The Case for Using Evidence-Based Guidelines in Setting Hospital and Public Health Policy
AffiliationUniversity of Arizona
public health policy
surgical site infections
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CitationThe Case for Using Evidence-Based Guidelines in Setting Hospital and Public Health Policy 2016, 3 Frontiers in Surgery
JournalFrontiers in Surgery
RightsCopyright © 2016 Francis, Mudery, Tran, Howe and Jacob. This is an open-access article distributed under the terms of the Creative Commons Attribution License (CC BY).
Collection InformationThis item from the UA Faculty Publications collection is made available by the University of Arizona with support from the University of Arizona Libraries. If you have questions, please contact us at email@example.com.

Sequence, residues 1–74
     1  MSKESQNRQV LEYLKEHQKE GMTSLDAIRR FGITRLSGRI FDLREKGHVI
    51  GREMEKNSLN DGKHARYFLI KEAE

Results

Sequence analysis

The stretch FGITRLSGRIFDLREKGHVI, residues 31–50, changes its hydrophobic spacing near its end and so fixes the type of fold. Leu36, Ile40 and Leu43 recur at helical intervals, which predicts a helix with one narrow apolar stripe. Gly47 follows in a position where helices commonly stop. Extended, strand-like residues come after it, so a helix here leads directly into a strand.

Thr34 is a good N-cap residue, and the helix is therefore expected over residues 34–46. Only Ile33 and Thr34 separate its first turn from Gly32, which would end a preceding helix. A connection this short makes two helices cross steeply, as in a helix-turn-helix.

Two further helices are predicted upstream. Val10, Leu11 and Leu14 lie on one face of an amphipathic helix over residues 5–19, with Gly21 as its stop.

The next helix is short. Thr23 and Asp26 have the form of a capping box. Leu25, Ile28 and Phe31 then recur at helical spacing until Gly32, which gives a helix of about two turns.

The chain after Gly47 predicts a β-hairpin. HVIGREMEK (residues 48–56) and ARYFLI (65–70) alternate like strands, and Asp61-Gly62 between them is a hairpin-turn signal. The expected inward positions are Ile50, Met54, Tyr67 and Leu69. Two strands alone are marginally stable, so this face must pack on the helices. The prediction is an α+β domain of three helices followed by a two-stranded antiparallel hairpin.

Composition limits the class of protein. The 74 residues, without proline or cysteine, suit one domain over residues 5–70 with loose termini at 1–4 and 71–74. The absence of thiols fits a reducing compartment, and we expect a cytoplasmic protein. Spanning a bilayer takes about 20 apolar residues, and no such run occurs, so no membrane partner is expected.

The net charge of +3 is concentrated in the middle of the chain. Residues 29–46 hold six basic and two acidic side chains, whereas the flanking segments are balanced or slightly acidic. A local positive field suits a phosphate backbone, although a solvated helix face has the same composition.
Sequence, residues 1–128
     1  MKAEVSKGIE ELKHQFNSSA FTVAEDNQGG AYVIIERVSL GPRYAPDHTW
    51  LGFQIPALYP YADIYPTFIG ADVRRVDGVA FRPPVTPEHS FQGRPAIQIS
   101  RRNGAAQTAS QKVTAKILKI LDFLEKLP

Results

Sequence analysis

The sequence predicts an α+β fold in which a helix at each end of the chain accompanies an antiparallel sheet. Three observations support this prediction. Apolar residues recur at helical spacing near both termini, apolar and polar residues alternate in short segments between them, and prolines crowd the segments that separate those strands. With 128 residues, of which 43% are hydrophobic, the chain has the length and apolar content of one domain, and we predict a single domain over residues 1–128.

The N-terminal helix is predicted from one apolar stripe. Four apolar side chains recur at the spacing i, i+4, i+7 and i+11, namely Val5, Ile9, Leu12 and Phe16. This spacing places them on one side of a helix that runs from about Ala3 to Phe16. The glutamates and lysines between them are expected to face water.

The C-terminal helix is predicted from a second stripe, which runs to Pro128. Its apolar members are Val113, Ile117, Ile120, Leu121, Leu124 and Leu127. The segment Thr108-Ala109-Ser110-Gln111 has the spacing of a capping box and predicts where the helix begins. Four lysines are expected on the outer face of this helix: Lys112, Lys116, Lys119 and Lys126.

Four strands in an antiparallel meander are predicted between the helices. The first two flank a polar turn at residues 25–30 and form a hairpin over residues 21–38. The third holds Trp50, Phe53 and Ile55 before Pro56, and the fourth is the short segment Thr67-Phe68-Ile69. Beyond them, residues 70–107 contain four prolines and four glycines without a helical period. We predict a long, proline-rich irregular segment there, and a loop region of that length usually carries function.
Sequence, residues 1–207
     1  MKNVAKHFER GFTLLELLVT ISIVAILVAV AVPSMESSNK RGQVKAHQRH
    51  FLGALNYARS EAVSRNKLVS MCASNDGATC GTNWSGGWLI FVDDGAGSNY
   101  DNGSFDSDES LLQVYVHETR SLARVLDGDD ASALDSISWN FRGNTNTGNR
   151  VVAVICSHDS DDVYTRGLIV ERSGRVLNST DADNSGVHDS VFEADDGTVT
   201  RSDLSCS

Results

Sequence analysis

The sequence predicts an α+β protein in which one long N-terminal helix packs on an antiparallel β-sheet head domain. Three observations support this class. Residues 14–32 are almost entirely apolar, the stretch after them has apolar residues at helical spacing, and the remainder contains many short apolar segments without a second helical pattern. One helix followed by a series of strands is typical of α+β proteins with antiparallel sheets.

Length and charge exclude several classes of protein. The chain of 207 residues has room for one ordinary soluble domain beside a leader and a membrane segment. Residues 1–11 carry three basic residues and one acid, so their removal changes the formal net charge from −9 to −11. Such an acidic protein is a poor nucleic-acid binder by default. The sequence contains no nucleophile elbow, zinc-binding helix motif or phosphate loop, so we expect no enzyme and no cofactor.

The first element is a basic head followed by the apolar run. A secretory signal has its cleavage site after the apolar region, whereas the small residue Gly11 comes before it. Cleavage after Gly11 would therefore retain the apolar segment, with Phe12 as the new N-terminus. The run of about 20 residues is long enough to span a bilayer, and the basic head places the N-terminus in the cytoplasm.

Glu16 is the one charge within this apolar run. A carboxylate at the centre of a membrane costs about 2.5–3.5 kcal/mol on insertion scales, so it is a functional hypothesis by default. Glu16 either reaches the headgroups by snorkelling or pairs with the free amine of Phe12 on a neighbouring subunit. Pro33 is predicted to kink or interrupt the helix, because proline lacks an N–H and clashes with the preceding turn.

AbstractOBJECTIVE: Hospital systems and regulating agencies enforce strict guidelines barring personal items from entering the operating room (OR) - touting surgical site infections (SSIs) and patient safety as the rationale. We sought to determine whether or not evidence supporting this recommendation exists by reviewing available literature. BACKGROUND DATA: Rules and guidelines that are not evidence based may lead to increased hospital expenses and limitations on healthcare provider autonomy. METHODS: PubMed, Embase, Scopus, Cochrane Library, Web of Science, and CINAHL were searched in order to find articles that correlated personal items in the OR to documented SSIs. Articles that satisfied the following criteria were included: (1) studies looking at personal items in the OR, such as handbags, purses, badges, pagers, backpacks, jewelry phones, and eyeglasses, but not just OR equipment; and (2) the primary outcome measure was infection at the surgical site. RESULTS: Seventeen articles met inclusion criteria and were evaluated. Of the 17, the majority did not determine if personal items increased risk for SSIs. Only one article examined the correlation between a personal item near the operative site and SSI, concluding that wedding rings worn in the OR had no impact on SSIs. Most studies examined colonization rates on personal items as potential infection risk; however, no personal items were causally linked to SSI in any of these studies. CONCLUSION: There is no objective evidence to suggest that personal items in the OR increase risk for SSIs.
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